I encourage you to pay specific attention to the article’s discussion of the DIR’s ability to accept and compare doses, not only from CT scanners, but now also from Fluoroscopy, Nuclear Medicine/PET, and Digital Radiology units.
As many of you know, I’ve spent the past few years assisting hospitals and imaging centers enroll in and use the DIR to lower CT doses and meet the Joint Commission’s requirement to establish dose thresholds for each exam and then identify individual studies which exceed their threshold, all with the need for an expensive third party dose management software. I am now encouraging you to consider adding data from these other modalities as well. If you are currently enrolled in the DIR, it’s as easy as directing asking your service engineer to set up each units DICOM output to send its output to your TRIAD server.
The best news is there is no cost to add these other modalities to your DIR account.
Exam Name Mapping in the DIR is one of the most important, yet under-appreciated, duties for those managing their facility’s DIR program. It is important inter-exam mapping is maintained. By that I mean similar studies should be assigned to the same RPID. Sounds easy, but it isn’t for a variety of reasons. First and foremost, the DIR’s RPIDs are based on RadLex Playbook developed by RSNA to provide a standard system for naming radiology procedures. The RadLex Playbook is highly granular, which is necessary when naming exams. However, that level of granularity makes maintaining DIr exam name mapping consistency a challenge as nearly all RPIDs are presented as a mapping option to DIR users.
For example, below is a table of all Lower Extremity RPIDs available in RadLex, many including details such as Right or Left. This is necessary in a name, but not so much when assigning an exam to the DIR. Also, note that there are several possible RPIDs that could be assigned for a Tibia Fibula exam.
- RPIDs 25-30: CT LE with laterality and contrast choices (6);
- RPIDs 2042 – 2050; CT Tibia Fibula with laterality and contrast choices (9); and,
- RPIDs 3468-3470; CT Tibia Fibula with contrast choices (3);
- and that does no include the more generic RPIDS also included in the table.
Staff assigned mapping duties often find it difficult to determine to which RPIDs similar exams have been assigned, which can lead to inconsistent mappings. This means one person could assign TibFib exams to the RPIDs 25-30, another could choose the 2,xxx series RPIDS, yet someone else could select the 3,xxx series RPIDs or even some of the generic ones. In my experience, not only is this possible, it is fairly common.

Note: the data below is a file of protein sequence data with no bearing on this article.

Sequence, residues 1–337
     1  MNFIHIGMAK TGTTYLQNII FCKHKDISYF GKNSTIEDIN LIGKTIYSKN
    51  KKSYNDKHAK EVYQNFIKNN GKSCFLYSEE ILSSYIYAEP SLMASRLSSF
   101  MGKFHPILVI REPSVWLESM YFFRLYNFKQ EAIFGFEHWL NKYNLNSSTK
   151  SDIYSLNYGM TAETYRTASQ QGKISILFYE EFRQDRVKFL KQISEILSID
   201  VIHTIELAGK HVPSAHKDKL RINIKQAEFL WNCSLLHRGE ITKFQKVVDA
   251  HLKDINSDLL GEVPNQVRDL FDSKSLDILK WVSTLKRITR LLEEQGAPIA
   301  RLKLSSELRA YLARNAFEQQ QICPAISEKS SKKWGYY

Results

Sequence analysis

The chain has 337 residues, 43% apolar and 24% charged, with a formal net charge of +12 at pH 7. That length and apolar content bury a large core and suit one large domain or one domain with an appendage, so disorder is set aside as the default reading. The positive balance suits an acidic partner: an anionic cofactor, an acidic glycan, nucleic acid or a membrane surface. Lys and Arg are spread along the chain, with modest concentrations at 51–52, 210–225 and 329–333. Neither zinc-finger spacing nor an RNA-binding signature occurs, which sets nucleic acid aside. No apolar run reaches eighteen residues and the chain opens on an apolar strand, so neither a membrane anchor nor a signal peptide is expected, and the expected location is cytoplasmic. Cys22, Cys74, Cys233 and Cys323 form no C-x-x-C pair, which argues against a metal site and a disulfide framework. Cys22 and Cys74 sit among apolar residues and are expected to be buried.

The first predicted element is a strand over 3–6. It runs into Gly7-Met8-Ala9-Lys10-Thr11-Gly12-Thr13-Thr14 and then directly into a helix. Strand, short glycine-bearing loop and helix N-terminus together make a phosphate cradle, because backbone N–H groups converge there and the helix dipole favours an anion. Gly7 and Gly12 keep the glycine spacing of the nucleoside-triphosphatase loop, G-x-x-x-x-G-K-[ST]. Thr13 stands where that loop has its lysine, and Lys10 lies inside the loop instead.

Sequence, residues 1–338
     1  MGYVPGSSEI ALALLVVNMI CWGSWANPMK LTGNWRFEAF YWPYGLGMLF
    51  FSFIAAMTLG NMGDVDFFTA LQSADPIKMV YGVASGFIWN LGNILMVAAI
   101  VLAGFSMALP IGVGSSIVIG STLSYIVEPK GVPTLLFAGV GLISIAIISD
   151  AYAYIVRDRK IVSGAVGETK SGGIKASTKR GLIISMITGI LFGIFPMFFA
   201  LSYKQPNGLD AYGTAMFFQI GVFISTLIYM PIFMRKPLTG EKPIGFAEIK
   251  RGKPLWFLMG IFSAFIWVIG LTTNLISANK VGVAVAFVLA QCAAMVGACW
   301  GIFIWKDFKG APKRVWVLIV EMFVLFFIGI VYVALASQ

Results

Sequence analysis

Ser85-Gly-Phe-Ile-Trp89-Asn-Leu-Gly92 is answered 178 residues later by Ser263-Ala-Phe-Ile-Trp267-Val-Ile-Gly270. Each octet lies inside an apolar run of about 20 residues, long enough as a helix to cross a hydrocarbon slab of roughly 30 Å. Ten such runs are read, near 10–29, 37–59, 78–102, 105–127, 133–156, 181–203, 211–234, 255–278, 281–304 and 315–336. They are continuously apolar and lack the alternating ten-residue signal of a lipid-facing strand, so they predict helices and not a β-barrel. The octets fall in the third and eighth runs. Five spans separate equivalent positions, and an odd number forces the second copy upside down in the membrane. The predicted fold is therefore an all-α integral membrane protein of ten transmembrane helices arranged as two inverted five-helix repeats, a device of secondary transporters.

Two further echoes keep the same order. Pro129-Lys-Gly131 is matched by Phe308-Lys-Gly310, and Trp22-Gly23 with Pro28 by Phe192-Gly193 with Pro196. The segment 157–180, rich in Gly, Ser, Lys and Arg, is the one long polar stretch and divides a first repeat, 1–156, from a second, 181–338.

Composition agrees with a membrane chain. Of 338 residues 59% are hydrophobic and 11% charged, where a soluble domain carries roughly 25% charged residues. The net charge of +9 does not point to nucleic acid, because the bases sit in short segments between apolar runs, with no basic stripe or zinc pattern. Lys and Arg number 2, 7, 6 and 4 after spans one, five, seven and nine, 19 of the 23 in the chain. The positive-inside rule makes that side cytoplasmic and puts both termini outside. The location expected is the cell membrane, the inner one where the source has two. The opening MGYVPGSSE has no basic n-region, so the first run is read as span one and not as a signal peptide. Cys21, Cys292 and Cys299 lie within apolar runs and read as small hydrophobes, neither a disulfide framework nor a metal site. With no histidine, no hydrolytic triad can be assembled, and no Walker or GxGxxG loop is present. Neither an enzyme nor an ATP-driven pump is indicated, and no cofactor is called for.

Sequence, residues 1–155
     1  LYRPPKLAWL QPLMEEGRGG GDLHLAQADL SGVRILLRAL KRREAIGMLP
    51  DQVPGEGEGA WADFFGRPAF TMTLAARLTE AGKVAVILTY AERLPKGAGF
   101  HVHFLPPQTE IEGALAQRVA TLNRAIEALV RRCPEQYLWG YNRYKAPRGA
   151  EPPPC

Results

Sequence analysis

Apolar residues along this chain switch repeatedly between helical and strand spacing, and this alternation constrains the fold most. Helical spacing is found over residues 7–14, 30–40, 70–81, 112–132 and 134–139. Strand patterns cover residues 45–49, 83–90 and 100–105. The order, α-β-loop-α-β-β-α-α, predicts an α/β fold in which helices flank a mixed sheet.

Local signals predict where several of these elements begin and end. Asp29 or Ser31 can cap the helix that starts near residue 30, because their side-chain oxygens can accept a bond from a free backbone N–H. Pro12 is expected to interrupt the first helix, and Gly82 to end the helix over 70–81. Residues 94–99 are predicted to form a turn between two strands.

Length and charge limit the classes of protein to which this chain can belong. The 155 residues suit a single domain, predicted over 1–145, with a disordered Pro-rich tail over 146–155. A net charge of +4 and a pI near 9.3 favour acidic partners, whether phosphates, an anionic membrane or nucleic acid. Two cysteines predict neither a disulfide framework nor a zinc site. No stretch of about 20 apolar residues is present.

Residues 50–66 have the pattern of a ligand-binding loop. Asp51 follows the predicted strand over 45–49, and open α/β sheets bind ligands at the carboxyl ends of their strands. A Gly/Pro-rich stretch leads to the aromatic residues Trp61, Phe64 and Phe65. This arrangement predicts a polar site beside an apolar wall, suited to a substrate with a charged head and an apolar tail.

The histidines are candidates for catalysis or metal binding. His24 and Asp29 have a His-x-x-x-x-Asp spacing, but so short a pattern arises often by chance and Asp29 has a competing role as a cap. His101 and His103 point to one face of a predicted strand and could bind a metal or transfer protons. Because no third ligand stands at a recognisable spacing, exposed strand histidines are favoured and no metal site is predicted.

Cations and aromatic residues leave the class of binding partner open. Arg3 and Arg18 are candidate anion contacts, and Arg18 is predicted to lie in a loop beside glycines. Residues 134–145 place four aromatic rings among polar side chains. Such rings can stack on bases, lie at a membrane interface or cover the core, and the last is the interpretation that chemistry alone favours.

I encourage all facilities using the DIR to pay particular attention to their Exam Name Mappings by
- Reviewing them for consistency; and,
- Developing a Mapping Table of codes in use at your facility for reference purposes when mapping any unmapped studies as they arise.
These two steps will go a long way towards ensuring higher levels of inter-exam naming consistency.
Here is an example of one of my Mapping Tables. The box on the left indicates which categories of RPIDs for which I developed specific Mapping Tables. The box on the right represents my Mapping Table for Multiphase body exams which I want people using when mapping any new unmapped exams in this category. Obviously, if a completely new and different exam arises, we’d look for a more appropriate RPID, but the reality is that most newly unmapped studies end up being a new version of a previously mapped exam. This helps ensure the new version is assigned to the RPID we want used.
I have made my basic set of tables available for purchase on my website for $24.99. This includes my recommended RPIDs for all Types shown above. It also allows you to modify them for your own purposes. Compared to the amount of time you’d spend developing your own, $25 is a bargain. However, there is no reason you can’t build it yourself, and I encourage you to do so. You’ll make the lives of those who perform your Exam Name Mapping so much easier, and have a much more consistent set of assigned RPIDs.
All ACR National Radiology Data Registry (NRDR) users, including those that use the ACR’s Dose Index Registry, should receive the email copied below alerting users to a Dec 1st email which will prompt them to change their NRDR login. Please read the email below for more details.